AI Now Law and Policy Reading List
Data-driven technologies are widely used in society to make decisions that affect many critical aspects of our lives, from health, education, employment, and criminal justice to economic, social and political norms. Their varied applications, uses, and consequences raise a number of unique and complex legal and policy concerns. As a result, it can be hard to figure out not only how these systems work but what to do about them.
As a starting point, AI Now offers this Law and Policy Reading List tailored for those interested in learning about key concepts, debates, and leading analysis on law and policy issues related to artificial intelligence and other emerging data-driven technologies. We developed the list in conversation with advocates, policymakers, academics, and litigators, asking them which readings they found the most useful in their own work, especially those that helped inform litigation and advocacy efforts, development of positions on specific use cases or issue areas, and engage in public conversation and debate. Of course, no list can be exhaustive or all-inclusive, but we do hope this gives everyone a place to start learning and an opportunity to become more involved in these issues. We want this reading list to be a living document, so to further this goal we have created a submission form for the public to identify new and emerging publications that should be highlighted in this list. If you have any recommendations, please submit them here.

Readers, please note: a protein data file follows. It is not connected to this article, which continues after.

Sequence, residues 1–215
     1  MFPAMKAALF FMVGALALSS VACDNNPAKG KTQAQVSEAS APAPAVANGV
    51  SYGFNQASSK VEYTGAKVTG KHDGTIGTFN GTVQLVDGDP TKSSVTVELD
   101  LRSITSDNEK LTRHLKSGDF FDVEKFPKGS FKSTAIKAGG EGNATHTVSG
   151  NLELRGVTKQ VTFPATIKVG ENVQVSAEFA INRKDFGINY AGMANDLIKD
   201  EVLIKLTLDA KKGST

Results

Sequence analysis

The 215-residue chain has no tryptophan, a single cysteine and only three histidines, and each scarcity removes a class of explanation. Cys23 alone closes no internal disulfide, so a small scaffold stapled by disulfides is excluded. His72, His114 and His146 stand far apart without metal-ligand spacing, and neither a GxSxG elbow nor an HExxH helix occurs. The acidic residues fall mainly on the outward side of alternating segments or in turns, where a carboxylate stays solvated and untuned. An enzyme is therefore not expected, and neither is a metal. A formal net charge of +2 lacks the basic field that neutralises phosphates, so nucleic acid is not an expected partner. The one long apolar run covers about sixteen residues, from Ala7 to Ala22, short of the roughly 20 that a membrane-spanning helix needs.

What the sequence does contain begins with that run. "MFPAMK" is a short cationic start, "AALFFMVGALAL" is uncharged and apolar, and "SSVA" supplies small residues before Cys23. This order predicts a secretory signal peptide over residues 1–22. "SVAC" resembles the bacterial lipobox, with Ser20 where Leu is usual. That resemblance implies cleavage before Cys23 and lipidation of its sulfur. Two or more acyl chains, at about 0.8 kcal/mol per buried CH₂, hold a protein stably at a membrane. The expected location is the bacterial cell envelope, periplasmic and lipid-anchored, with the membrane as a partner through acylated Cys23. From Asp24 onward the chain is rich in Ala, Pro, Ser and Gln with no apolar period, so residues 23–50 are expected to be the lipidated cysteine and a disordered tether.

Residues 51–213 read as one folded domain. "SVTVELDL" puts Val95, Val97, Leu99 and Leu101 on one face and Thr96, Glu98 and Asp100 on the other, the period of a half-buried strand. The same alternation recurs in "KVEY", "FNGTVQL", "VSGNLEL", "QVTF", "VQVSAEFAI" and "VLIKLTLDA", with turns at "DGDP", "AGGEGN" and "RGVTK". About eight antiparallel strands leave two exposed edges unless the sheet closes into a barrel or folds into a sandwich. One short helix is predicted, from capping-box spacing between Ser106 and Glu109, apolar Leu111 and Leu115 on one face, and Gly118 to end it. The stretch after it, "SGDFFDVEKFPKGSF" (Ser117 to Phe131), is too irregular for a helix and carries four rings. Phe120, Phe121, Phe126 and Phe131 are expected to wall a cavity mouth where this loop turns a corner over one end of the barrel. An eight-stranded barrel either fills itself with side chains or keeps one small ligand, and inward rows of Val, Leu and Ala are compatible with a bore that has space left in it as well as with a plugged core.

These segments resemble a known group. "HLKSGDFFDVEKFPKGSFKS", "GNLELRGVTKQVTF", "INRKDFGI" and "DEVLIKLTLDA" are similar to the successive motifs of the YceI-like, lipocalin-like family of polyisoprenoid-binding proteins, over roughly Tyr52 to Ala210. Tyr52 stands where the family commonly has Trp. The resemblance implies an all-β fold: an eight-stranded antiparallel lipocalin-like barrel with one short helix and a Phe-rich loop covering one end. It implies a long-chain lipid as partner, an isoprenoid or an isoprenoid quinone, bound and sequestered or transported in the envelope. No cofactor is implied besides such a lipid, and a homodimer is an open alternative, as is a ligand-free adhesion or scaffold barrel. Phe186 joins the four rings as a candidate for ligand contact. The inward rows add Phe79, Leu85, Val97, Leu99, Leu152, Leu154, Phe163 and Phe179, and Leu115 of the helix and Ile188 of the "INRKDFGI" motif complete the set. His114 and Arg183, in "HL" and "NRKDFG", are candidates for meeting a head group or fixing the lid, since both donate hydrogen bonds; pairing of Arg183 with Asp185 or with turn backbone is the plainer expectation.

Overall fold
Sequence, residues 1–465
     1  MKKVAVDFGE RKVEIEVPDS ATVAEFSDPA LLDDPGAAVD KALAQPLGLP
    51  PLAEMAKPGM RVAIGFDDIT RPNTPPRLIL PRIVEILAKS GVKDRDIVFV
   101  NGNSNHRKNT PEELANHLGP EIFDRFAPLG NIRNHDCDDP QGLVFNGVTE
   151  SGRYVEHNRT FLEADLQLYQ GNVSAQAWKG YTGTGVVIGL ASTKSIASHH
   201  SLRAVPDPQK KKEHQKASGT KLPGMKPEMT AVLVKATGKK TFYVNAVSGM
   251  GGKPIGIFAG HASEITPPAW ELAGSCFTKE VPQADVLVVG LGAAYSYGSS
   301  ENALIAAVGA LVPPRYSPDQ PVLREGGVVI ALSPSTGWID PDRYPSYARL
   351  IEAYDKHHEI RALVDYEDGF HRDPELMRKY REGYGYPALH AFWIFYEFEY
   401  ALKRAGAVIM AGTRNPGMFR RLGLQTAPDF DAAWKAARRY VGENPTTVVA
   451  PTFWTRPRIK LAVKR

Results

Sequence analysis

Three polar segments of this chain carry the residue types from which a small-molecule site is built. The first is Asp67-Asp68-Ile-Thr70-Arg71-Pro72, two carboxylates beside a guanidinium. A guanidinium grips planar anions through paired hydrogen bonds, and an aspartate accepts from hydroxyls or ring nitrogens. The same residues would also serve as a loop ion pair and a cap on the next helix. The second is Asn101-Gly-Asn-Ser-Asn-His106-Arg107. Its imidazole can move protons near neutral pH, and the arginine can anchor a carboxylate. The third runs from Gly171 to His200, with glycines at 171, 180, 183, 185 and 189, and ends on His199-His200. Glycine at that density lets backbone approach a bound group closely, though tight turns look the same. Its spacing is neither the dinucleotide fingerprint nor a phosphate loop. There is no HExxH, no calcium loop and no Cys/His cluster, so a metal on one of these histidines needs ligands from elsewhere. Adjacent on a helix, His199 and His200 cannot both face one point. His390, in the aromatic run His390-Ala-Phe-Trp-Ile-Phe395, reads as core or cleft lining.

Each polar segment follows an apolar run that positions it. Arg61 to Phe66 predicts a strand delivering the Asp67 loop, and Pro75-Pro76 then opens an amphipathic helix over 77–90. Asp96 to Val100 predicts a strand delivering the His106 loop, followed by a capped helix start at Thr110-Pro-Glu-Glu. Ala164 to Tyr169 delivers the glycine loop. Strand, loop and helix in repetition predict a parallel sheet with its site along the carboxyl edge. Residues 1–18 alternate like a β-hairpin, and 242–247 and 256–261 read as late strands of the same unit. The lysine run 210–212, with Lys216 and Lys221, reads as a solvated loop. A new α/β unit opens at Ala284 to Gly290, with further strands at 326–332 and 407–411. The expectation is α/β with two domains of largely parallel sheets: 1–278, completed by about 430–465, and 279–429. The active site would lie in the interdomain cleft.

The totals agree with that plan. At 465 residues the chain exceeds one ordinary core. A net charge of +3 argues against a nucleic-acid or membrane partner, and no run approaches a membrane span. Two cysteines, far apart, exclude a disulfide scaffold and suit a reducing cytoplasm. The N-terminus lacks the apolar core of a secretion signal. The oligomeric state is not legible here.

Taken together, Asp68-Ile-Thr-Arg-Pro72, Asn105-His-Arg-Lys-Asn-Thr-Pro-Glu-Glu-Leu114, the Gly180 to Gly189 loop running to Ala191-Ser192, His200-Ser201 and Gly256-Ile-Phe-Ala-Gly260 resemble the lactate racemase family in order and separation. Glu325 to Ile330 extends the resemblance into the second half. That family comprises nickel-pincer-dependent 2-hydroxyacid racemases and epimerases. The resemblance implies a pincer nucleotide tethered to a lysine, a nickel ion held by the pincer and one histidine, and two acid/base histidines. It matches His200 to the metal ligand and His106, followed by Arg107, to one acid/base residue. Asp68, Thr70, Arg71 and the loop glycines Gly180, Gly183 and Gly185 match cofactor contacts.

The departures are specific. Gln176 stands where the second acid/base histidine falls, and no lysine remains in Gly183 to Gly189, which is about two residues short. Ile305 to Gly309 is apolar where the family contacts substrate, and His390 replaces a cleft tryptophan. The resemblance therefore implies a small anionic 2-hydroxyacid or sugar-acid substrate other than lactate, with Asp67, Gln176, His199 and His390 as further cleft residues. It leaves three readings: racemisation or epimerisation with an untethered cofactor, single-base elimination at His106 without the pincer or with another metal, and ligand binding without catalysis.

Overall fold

This reading list consist of six categories (each has its own tab in the Google Spreadsheet):
- News + Magazine Articles
- Papers from Centers
The composition of each category varies, but all sections include subject matter and subtopics labels, where possible, and all entries include short summaries to assist readers in sorting or prioritizing documents. This reading list is not exhaustive but it includes essential or decisive publications, cases, and statutes or legislation.
Also fair warning: All of the entries in the reading list pertain to legal and policy issues, with some of these readings requiring prior familiarity of legal concepts, while others serve as primers. If you seek a better understanding of more general or technical concepts and related law and policy issues, we recommend reading our Algorithmic Accountability Toolkit before or while exploring this reading list. If you are an advocate seeking ways to challenge some of the legal and policy concerns raised through the literature in this list, we recommend reading our recent Litigating Algorithms report, which provides key insights into successful litigation strategies.
We encourage you to explore the reading list here.